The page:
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Management of Diabetic Ketoacidosis (DKA) in Pediatrics

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Text of Management of Diabetic Ketoacidosis (DKA) in Pediatrics

Management of Diabetic Ketoacidosis
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Table of Contents I. Assessment in the Emergency Department 3 II. Initial Fluid Therapy: Normal Saline Bolus 4 III. Maintenance Fluids 4 IV. Insulin Therapy 6 V. Labs 7 VI. Always be alert for Cerebral Edema 8 VII. Stopping IV therapy 8 Pathophysiology 9
I. Assessment in the Emergency Department A. Initial Nurse Assessment
1. Establish baseline mental status. If altered mental status, alert MD immediately 2. Initial lab assessment
a. blood glucose by glucometer b. arterial or venous blood gas c. serum for glucose, electrolytes, CBC with diff, magnesium, calcium, phosphorous, hemoglobin A1C, and beta hydroxybutyrate. d. urine for urinalysis (glucose and ketones) e. for new onset: “Islet antibody screen”(GAD, ICA, IAA antibodies), and if not acutely ill, TSH
3. Start a DKA flowsheet
B. Initial MD Assessment 1. History and physical with documentation of baseline mental status 2. Ensure above lab tests sent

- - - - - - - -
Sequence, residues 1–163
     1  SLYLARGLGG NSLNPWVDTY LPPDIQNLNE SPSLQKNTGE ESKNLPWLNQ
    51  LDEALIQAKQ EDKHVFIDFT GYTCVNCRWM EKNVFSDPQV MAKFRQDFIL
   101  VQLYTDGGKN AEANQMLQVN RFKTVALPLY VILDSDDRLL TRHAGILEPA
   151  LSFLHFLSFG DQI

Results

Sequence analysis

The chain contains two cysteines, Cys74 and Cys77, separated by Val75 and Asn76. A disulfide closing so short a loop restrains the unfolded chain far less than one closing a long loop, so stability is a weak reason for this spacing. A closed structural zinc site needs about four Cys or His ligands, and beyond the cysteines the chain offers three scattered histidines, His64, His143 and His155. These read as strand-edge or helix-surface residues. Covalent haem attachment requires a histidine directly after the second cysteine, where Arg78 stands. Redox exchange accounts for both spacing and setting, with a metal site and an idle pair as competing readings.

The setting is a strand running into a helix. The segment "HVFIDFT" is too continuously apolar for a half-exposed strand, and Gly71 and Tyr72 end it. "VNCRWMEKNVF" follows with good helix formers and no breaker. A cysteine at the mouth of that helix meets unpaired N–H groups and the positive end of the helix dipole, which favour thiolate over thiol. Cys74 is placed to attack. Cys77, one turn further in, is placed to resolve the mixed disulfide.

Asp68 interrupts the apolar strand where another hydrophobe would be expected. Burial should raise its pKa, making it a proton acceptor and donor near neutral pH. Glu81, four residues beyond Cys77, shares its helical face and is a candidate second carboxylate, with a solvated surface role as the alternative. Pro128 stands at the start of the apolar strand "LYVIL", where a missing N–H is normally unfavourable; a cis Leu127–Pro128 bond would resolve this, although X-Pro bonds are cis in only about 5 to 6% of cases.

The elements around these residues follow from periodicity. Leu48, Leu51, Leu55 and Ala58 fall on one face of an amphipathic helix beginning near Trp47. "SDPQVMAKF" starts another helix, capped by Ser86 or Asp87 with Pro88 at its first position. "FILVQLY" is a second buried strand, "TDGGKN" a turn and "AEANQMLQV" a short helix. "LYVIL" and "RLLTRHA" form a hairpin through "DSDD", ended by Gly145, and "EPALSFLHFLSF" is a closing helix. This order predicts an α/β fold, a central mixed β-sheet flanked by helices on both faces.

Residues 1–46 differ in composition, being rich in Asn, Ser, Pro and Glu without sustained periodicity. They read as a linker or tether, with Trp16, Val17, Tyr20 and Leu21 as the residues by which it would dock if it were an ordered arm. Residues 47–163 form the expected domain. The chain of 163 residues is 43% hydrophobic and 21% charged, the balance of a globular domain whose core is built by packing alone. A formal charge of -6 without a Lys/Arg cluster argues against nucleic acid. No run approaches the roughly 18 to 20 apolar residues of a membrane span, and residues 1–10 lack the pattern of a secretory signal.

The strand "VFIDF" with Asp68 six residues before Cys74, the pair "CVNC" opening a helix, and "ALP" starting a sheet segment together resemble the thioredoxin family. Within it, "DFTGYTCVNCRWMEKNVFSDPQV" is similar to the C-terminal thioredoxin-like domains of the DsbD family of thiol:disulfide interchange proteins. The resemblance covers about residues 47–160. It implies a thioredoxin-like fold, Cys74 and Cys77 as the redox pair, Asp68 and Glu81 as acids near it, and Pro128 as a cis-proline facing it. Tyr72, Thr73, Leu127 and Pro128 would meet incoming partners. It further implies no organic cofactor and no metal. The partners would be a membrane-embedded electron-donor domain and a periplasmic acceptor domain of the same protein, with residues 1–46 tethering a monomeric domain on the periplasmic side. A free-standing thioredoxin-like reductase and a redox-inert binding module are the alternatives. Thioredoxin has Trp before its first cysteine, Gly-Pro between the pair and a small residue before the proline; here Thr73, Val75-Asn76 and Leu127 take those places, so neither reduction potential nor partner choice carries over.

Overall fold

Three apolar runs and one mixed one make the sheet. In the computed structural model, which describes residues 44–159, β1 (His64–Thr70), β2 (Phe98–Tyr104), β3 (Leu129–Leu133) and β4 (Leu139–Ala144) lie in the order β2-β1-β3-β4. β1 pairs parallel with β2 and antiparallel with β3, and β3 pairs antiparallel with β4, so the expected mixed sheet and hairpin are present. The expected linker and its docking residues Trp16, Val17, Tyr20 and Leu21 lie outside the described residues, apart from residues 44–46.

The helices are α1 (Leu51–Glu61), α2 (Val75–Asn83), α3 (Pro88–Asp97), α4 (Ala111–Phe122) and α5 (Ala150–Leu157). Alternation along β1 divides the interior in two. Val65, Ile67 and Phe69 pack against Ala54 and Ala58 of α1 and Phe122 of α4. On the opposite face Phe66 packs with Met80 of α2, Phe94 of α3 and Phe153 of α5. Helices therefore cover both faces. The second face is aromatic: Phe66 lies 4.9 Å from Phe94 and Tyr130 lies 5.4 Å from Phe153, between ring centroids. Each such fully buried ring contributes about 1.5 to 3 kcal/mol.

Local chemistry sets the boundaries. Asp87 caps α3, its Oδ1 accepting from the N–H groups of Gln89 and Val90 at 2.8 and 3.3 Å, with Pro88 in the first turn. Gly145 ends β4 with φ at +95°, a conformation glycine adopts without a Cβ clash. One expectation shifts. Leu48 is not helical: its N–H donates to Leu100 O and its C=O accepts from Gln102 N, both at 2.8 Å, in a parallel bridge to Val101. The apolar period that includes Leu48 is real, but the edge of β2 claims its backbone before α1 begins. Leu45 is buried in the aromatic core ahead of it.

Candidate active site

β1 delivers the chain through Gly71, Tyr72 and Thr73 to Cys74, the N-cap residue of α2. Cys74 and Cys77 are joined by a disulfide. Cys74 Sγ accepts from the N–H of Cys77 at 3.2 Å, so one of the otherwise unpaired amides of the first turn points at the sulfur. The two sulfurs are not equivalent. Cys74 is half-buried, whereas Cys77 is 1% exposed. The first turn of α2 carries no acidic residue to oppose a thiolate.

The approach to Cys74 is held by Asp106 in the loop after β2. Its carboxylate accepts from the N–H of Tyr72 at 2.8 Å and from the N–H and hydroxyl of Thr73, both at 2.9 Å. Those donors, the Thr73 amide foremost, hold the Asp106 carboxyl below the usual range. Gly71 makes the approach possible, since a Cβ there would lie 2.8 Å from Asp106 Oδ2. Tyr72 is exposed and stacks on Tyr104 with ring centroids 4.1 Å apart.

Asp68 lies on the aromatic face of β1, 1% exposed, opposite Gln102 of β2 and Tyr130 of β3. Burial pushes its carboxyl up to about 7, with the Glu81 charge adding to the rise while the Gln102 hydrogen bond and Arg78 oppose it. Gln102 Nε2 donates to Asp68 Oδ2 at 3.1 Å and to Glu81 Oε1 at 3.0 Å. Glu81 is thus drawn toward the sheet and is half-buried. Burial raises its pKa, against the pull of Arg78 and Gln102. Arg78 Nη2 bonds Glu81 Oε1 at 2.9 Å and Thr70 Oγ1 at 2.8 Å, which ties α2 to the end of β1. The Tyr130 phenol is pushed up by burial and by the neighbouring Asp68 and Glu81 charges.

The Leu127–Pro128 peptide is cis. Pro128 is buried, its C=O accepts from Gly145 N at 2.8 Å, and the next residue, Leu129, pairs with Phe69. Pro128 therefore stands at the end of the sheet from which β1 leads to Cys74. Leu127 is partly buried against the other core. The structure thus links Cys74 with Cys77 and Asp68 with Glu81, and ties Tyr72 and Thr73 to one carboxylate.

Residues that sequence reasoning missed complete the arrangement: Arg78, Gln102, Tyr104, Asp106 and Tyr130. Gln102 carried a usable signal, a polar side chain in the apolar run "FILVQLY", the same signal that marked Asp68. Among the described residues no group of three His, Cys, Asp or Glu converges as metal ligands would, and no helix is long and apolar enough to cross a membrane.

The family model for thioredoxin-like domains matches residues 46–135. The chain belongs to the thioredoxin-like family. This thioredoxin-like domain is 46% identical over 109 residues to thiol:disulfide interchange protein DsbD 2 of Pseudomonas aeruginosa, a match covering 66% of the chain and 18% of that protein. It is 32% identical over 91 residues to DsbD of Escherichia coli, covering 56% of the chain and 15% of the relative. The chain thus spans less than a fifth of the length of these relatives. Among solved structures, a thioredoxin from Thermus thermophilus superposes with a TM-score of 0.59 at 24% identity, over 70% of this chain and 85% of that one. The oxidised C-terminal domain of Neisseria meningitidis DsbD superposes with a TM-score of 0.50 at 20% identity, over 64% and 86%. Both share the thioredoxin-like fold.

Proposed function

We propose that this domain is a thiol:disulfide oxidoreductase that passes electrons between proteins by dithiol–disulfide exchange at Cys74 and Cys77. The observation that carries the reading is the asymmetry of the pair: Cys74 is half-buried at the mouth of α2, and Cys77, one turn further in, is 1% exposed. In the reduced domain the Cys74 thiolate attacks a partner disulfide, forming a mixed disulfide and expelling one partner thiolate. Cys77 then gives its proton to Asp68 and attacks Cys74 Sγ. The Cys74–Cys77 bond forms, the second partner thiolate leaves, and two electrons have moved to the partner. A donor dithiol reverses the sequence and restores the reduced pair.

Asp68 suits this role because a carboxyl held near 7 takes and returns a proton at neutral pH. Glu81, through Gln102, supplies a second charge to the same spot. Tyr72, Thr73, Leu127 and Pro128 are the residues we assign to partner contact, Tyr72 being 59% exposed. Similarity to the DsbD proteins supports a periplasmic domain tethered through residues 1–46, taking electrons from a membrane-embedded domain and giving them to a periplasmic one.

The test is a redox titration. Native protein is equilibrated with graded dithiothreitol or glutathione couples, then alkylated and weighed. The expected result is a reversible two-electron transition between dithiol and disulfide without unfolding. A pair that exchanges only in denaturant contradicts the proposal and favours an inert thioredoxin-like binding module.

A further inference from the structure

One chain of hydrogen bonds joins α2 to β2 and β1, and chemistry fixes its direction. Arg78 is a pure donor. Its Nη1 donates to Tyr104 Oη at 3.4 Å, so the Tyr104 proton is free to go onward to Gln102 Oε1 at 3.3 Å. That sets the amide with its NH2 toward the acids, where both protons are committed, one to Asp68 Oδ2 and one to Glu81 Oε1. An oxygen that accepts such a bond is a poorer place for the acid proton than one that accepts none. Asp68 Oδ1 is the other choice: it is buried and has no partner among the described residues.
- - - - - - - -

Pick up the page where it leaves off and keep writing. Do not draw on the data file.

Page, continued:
C. ICU admission guidelines: 1. Altered mental status 2. pH<7.10 3. Age less than 2 years with pH<7.24 4. Blood glucose>1000mg/dl 5. Corrected sodium>155 mmol/L Corrected serum sodium= (Serum sodium + [{serum glucose - 100} x 1.6]/100
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II. Initial Fluid Therapy: Normal Saline Bolus 1. If less than 7% dehydrated, NS bolus is optional 2. If 7-10% dehydrated, give 10 mL/kg NS bolus over 30 minutes 3. If>10% dehydrated or with cardiovascular compromise, repeat 10 mL/kg NS boluses until cardiovascularly stable (normal peripheral pulses, cap refill time (<3 sec), urine output restored, normal BP)
III. Maintenance Fluids A. Rate: Run IVF at 3000 mL/m2/day, or 1.5-2.0 times maintenance, (or calculate maintenance plus ongoing losses plus deficit replacement over 48 hours) unless hypernatremic dehydration (see below)
m2 = √(height(cm)*weight(kg))/3600
B. Sodium content: First determine corrected Na with the following equation:
Corrected serum sodium = Serum sodium + [{serum glucose (mg/dl) – 100 (mg/dl)} x 1.6}/100
1. If hypernatremic dehydration (defined as corrected Na over 150 mmol/L)
a. Always manage with help of endocrinology or ICU staff b. The initial goal is to lower the serum glucose to 200- 300 mg/dl over 24 hours with little or no decrease in the corrected serum sodium c. Consider 3/4 NS or NS infusion to accomplish controlled rate of sodium correction d. Fluid rate in this case should be 2000 mL/m2 to control the drop in osmolarity